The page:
SEATTLE -- There’s still over a month to go until MLB Pipeline unveils the Mariners’ Top 30 prospect rankings for 2024, but the Top 100 overall rankings were out last week, and they included an interesting Seattle presence.
The Mariners have three players among that group -- Cole Young (No. 37 prospect), Harry Ford (No. 38) and Colt Emerson (No. 87) -- and they would’ve had a fourth in Gabriel Gonzalez (No. 79), but he was a key return in last week’s trade with Minnesota for Jorge Polanco. Pipeline also revealed that slugging outfielder Lazaro Montes -- who could be poised for a big leap year -- just missed the cut.
Notably, Seattle did not have a pitcher in the mix for the first time since 2018, just before the wave of arms that has come to define much of its Major League roster joined the organization. Logan Gilbert, George Kirby, Matt Brash and Bryce Miller were graduates of the Top 100 in recent years.
The chunk of Seattle’s system has shifted far more on the position-player side, the best of whom are at the lower levels and probably at least another year away. Yet the Mariners still have plenty of intriguing arms that are also worth following this season.
Here are a few names to know (for the purposes of this exercise, pitchers who’ve already made their MLB debuts were not included, such as Emerson Hancock and Ty Adcock):
RHP Cole Phillips (Mariners’ No. 14 prospect): Acquired in December’s trade that sent Jarred Kelenic to Atlanta, Phillips should be fully healed from the right elbow Tommy John surgery he underwent just before the Braves selected him in the second round of the 2022 MLB Draft.
Part of what may have led to his injury is also what made him so enticing, which is the fastball’s elite velocity that flirts with triple digits. Phillips has drawn comparisons to Nathan Eovaldi, who also was high on Draft boards in 2008 as a Texas high schooler before suffering an elbow injury.
The focus for Phillips in 2024 will be to create a sound professional routine to allow his body to control everything that his elite arm can produce.
RHP Jeter Martinez (No. 24): Among the Mariners’ youngest pitching prospects, the 17-year-old Martinez is probably viewed with the most upside internally. With a 6-foot-4 frame and velocity that’s reached up to 97 mph, it’s easy to see why.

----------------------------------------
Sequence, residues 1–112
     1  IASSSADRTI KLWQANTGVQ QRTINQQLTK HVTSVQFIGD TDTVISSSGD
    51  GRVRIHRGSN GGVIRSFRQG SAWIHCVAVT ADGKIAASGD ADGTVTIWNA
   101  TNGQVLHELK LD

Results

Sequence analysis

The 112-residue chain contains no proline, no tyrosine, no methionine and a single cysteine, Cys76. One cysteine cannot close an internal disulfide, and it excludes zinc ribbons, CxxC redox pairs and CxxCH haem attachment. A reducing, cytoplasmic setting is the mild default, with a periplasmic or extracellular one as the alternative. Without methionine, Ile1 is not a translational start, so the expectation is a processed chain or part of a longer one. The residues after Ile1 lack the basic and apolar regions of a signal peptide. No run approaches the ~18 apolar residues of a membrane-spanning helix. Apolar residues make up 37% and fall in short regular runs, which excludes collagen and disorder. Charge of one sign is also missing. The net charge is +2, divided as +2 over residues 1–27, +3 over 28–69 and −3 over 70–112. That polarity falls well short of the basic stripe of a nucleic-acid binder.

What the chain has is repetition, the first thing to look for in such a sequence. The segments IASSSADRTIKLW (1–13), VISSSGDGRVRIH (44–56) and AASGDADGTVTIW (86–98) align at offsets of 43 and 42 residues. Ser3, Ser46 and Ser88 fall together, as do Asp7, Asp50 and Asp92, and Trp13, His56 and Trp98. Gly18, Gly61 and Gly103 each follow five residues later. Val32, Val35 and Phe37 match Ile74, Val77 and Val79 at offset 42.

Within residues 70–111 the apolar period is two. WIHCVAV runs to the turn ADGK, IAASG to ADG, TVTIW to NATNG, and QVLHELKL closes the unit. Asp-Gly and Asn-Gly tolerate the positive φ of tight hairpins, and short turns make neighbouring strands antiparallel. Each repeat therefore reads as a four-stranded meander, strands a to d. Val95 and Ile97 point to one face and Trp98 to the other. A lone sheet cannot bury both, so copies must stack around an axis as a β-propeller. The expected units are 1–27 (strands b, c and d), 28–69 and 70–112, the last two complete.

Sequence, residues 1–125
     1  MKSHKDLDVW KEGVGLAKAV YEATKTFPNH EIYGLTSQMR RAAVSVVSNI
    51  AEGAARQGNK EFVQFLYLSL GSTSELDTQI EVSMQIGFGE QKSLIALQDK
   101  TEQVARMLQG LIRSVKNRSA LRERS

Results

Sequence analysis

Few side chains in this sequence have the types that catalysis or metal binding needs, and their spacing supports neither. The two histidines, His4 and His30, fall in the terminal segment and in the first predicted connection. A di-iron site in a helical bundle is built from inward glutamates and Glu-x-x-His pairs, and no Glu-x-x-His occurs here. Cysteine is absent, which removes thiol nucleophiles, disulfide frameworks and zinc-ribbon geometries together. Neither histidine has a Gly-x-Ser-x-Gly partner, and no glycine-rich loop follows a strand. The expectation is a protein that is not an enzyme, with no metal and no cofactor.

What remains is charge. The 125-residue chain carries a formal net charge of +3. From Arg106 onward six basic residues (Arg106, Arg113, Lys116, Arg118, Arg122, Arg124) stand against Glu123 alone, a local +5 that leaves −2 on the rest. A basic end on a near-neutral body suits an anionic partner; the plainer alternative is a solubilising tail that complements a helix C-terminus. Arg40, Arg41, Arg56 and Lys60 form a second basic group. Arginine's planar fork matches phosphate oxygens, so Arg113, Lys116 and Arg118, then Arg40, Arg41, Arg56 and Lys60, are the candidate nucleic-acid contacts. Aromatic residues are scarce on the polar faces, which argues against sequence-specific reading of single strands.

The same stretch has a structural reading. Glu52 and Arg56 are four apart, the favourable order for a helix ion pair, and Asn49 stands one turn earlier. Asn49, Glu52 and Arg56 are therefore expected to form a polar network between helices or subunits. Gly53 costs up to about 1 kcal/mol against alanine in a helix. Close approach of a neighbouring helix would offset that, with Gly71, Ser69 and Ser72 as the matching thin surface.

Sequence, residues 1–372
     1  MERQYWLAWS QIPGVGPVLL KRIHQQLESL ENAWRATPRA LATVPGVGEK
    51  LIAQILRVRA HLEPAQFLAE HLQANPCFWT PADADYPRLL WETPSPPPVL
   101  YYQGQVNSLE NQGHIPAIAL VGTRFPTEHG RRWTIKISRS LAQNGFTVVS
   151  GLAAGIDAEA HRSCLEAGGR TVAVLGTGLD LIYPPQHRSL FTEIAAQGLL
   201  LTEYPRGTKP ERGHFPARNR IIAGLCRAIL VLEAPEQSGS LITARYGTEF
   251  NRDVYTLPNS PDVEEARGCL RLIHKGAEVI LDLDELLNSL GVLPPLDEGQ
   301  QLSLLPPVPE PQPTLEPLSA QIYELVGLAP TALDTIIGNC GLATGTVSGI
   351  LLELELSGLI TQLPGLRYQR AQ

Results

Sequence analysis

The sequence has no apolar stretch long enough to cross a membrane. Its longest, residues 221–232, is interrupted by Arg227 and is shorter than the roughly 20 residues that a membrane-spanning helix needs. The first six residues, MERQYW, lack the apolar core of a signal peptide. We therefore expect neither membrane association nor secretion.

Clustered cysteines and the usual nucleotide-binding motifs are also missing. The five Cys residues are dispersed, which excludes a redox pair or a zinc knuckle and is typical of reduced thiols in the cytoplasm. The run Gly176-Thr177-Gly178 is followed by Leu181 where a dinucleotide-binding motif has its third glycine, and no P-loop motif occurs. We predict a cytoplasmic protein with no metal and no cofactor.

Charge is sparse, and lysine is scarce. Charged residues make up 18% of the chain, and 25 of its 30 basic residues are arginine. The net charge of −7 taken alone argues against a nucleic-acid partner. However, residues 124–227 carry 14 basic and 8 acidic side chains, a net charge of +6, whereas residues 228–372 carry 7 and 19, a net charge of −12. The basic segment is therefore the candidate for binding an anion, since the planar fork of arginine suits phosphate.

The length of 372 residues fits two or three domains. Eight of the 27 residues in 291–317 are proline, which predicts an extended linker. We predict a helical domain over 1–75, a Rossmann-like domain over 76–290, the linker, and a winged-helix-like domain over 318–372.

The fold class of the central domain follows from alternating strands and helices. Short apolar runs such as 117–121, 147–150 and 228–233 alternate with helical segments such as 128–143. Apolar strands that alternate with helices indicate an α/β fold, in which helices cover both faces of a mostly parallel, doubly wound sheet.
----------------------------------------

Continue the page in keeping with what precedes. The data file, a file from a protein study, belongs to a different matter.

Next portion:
Martinez went deep into games in his first pro year last season, reaching five innings or more in six of his 11 starts in the Dominican Summer League, over which he carried a 1.72 ERA and held hitters to a slash line of .130/.246/.195 (.442 OPS), with a 30.2% strikeout percentage and 11.2% walk percentage.
RHP Brody Hopkins (No. 25): A two-way player at Winthrop University, Hopkins was an outfielder and starting pitcher, possessing enough stuff for the Mariners to select him in the sixth round of the 2023 Draft and sign him under slot value, at $225,000.
The club is bullish on the 6-foot-4 Hopkins’ athleticism helping his stuff play up as he transitions to the pros. He sits in the 93-96 mph range, but he can dial it up higher, while his low-80s slider flashes plus stuff at times. His command is still a work in progress, particularly after walking 7.3 batters per nine innings at Winthrop last season.
RHP Marcelo Perez (No. 28): An 11th-round pick out of TCU in 2022, Perez is on the older side of the prospect spectrum at age 24. But he showed enough of a pitch mix last year that the Mariners will still give him an opportunity to start.
Perez showed what one scout called “incredible slider command,” which should pair well with the fastball velocity that he’ll continue to grow into. He’s also working on a split-changeup that could be a weapon for him this season. Perez made 15 starts at Single-A Modesto last year before being promoted for three outings at High-A Everett.
RHP Logan Evans (unranked): A Sunday starter at the University of Pittsburgh, Evans flew under the radar last summer as a 12th-round pick who signed for $100,000. Now, most in the organization say he is the guy nobody is talking about enough.
Evans saw action with Modesto by season’s end while showing some higher velocity, but more so, he impressed with his education of pitch shapes and location strategy. No pitcher is throwing harder at the Mariners’ annual Pitching Camp that began last month in Arizona (formerly called “Gas Camp” and “Shove Camp”).